Slowing down comes second nature in the Old World--and there's no better way to take it easy than on a nice, calm river cruise
What's the experience like?
Because the boats rarely carry more than 200 people--10 times fewer passengers than the average ocean liner--river cruises are decidedly more intimate. They're also less frenzied; the main activities are relaxing on deck and low-impact sightseeing. "It's neat to sit and watch people fishing, kids playing, and other boats going by," says Shirley Linde, author of The World's Most Intimate Cruises. Some of the newer riverboats do have gyms or pools, but most are without the bells and whistles of ocean cruisers. Entertainment, such as it is, comes in the form of a piano bar, cultural lectures, or the crew doing cute song-and-dance routines from their homelands. You'll be fed well, but not constantly (no 24-hour buffets). Typically there's a single restaurant serving a buffet breakfast and lunch, and a multicourse dinner with a choice of entrées. Dress is almost always casual.
Can a river cruise sub for a traditional tour?
Whereas big-ship cruises in Europe often stop far from the actual destination--the port of Civitavecchia, for example, is an hour from Rome--the major plus of a riverboat is that it pulls right into the middle of preserved medieval towns such as Bamberg, Germany. The downside is that these aren't big-ticket destinations. If you have your mind set on seeing the Parthenon or Big Ben, then no, a river cruise doesn't work. River cruises explore smaller towns and villages, and give a terrific feel for the Old World. Like traditional guided tours, river cruises sometimes offer special-interest itineraries that focus on wine, gardens, or classical music. But on a boat you don't have to switch hotels every few days. "It's a great way to experience different cultures," says Eike Grabowski, a travel agent from Shallotte, N.C. "I'm not crazy about getting up at 6 a.m. and putting my luggage outside the door."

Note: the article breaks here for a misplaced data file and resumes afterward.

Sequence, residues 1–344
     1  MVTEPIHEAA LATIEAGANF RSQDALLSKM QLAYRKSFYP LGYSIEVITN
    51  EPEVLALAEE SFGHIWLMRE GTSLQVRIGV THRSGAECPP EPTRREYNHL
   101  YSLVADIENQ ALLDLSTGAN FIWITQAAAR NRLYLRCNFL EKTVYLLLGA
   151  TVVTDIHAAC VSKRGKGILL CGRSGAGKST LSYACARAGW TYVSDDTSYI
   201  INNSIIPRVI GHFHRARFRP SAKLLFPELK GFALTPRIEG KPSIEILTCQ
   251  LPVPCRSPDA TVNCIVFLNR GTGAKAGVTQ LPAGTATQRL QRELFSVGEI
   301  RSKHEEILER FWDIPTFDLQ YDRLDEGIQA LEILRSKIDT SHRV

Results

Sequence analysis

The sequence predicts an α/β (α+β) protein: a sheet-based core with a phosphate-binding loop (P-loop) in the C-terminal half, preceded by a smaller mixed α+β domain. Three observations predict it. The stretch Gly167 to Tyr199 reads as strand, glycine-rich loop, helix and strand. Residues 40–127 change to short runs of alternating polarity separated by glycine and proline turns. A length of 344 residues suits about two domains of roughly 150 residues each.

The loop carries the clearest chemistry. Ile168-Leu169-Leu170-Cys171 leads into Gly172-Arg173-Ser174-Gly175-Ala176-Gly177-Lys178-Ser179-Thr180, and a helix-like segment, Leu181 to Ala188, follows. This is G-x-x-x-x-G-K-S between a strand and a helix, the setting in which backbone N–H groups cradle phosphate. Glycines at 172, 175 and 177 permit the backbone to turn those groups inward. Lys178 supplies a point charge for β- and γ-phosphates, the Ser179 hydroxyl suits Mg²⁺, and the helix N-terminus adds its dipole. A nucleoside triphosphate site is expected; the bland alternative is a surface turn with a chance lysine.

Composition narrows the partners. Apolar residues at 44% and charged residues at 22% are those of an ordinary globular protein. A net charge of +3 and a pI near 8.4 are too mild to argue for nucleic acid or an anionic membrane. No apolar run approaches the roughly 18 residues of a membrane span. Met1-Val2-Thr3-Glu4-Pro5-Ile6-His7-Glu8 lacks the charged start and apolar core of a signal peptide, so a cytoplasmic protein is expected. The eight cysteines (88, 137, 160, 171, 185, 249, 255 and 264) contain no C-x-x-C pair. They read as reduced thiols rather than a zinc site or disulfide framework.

Where are cruises offered?
Popular options are the Danube, often combined with the Main and featuring visits to castles and gothic cathedrals in Hungary, Austria, and Germany; the Elbe, which meanders through Germany and the Czech Republic and stops at Dresden, completely rebuilt from the notorious bombing in World War II; France's Rhône and Saône, taking clients through the scenic regions of Provence and Burgundy; the Seine, for Paris as well as Claude Monet's hometown of Giverny; the Po in northern Italy, frequently themed around opera; and Russia's Volga River, connecting Moscow and St. Petersburg. A more unusual choice is Portugal's Douro River, where vineyards and wild, undeveloped landscapes are the backdrop.
What about barges?
Barges are smaller (6 to 50 passengers), slower (max of around 5 mph vs. 12 mph on a river cruise), and are usually seen on narrow waterways, notably in France. Private groups often rent an entire barge, and because the vessels are so easy to navigate, self-drives are possible. Brokers such as The Barge Connection book self-drives starting at around $2,000 a week for a six-berth barge, as well as crewed voyages that, depending on cabin sizes, amenities, menu, and staff, cost $1,600 to $5,000 per person per week.